Talk:Lonar crater lake
|WikiProject Lakes||(Rated Start-class, Top-importance)|
|WikiProject India / Maharashtra / Geography||(Rated Start-class, High-importance)|
|A fact from Lonar crater lake appeared on Wikipedia's Main Page in the Did you know? column on 10 September 2008, and was viewed approximately 3041 times (disclaimer) (check views). The text of the entry was as follows: "Did you know Wikipedia:Recent additions/2008/September.||
|This article has been mentioned by a media organisation:|
Merge with Lonar crater
third largest natural salt lake.
Removed "third largest natural salt lake" as it is Original research, needs a reference if true. The reference provided says third largest crater not salt lake.--Redtigerxyz (talk) 06:17, 10 September 2008 (UTC)
third largest crater
http://www.unb.ca/passc/ImpactDatabase/asia.html , this link clearly shows that it is not the third largest crater , is it a third under some other subcategory ? also the two other lakes quoted "Bosumtwi lake & new cubec lake(3 ppm )" appear to be fresh water lakes so can they be referred under the same category , as they are right now , clarity would really help jeph (talk) 06:44, 10 September 2008 (UTC).
new cubec lake
Via google, I found no reference to a "new cubec lake". I did find a reference to a "New Quebec" lake named Lake Jobert http://www.ggl.ulaval.ca/cgi-bin/consultau.cgi?713&647&703&382&12&232&716&117&710&34&656&793&685&478& The original entry on Lonar Lake appears to me to have been entered from memory. I would recommend deleting the references to crater size order. There are about six impact craters 100 kilometers in diameter or greater. Meteor crater list http://www.smv.org/hastings/crater4.html Jim1138 (talk) 08:06, 10 September 2008 (UTC)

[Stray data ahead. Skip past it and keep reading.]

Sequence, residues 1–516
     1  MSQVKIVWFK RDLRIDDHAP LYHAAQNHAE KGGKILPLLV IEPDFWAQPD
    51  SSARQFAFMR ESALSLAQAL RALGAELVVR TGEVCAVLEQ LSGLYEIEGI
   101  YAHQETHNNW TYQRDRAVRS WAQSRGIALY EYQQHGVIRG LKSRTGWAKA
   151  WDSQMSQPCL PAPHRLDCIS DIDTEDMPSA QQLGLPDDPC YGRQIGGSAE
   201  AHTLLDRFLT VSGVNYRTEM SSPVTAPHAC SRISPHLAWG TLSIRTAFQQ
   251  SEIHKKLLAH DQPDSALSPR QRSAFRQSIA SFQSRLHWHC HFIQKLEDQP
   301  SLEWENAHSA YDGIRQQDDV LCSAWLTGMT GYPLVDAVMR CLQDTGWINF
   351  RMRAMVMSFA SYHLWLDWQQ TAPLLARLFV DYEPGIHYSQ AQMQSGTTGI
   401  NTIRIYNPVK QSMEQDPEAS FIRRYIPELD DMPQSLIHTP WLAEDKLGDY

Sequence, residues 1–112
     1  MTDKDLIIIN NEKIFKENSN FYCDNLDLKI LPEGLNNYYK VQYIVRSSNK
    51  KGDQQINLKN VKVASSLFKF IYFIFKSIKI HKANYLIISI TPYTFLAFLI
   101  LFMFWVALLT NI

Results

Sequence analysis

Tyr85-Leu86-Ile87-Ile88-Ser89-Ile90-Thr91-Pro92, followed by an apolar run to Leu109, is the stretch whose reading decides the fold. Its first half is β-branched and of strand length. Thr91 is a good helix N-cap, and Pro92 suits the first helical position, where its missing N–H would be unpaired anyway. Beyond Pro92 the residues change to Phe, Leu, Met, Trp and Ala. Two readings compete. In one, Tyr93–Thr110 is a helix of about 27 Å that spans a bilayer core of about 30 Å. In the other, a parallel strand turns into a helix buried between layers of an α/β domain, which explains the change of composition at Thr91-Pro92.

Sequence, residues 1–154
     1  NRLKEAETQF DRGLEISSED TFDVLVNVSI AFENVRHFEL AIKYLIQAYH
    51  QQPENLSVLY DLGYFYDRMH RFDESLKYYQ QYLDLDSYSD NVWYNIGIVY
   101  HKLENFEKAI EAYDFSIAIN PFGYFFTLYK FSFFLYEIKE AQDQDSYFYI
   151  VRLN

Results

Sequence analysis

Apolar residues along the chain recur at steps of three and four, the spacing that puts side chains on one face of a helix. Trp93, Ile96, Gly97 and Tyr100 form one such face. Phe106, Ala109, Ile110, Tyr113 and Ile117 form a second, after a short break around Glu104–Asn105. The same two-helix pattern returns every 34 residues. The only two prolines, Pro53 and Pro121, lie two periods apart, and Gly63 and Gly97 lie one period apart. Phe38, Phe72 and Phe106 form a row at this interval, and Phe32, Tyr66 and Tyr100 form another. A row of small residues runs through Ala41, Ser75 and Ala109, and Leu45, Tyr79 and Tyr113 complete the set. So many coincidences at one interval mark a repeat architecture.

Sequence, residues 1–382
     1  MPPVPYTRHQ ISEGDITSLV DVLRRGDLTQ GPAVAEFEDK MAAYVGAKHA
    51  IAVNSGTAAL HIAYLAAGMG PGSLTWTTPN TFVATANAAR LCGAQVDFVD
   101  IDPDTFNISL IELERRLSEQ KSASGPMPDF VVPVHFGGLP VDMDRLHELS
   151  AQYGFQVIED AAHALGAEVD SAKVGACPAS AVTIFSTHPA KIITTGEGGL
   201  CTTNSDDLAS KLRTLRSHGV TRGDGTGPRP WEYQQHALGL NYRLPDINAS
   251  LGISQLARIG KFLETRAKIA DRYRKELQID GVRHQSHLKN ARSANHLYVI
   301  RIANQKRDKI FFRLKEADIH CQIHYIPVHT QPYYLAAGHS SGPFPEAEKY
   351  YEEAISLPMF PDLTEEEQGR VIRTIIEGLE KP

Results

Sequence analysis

The article states "New Cubec Lake in Canada with a diameter of 3,500 metres". Pingualuit crater in Canada is 3,440 meters in diameter. Probably the one and the same. Pingualuit crater has extremely low salt content so it is not a salt lake. I am deleting the reference to Pingualuit / New Cubec Lake. It makes no sense. Jim1138 (talk) 08:27, 10 September 2008 (UTC)
Deleted reference to third largest crater
See above. I also noticed that the "lake mean diameter" was actually the "crater rim diameter". I could not find a lake diameter, so I estimated one by taking multiple measurements using Google Earth. Measurements were from 1.1 to 1.3 km I used 1.2 km as the lake diameter. It probably changes seasonally. Notice the submerged temple. The google earth coordinates are 19.97688n 76.51395e. Hopefully, this is a little more accurate. Jim1138 (talk) 09:11, 10 September 2008 (UTC)
Geological Monument of India
In the publication "Geological Monuments of India" by the Geological Survey of India in 2001 Lonar Lake has been listed as Lonar Lake formed by the Lonar crater. Hence, the merger tag has been deleted.--Nvvchar (talk) 07:55, 13 January 2009 (UTC)
How many impact craters in basaltic rock?